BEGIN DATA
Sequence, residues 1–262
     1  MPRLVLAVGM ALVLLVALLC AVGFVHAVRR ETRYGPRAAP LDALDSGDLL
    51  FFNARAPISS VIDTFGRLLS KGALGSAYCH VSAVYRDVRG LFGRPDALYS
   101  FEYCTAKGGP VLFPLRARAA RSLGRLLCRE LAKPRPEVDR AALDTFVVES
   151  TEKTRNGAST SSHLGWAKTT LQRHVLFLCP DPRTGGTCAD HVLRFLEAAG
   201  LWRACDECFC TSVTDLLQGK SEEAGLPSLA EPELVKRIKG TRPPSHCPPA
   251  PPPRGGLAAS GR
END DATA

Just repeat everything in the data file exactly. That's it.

Sequence, residues 1–262
     1  MPRLVLAVGM ALVLLVALLC AVGFVHAVRR ETRYGPRAAP LDALDSGDLL
    51  FFNARAPISS VIDTFGRLLS KGALGSAYCH VSAVYRDVRG LFGRPDALYS
   101  FEYCTAKGGP VLFPLRARAA RSLGRLLCRE LAKPRPEVDR AALDTFVVES
   151  TEKTRNGAST SSHLGWAKTT LQRHVLFLCP DPRTGGTCAD HVLRFLEAAG
   201  LWRACDECFC TSVTDLLQGK SEEAGLPSLA EPELVKRIKG TRPPSHCPPA
   251  PPPRGGLAAS GR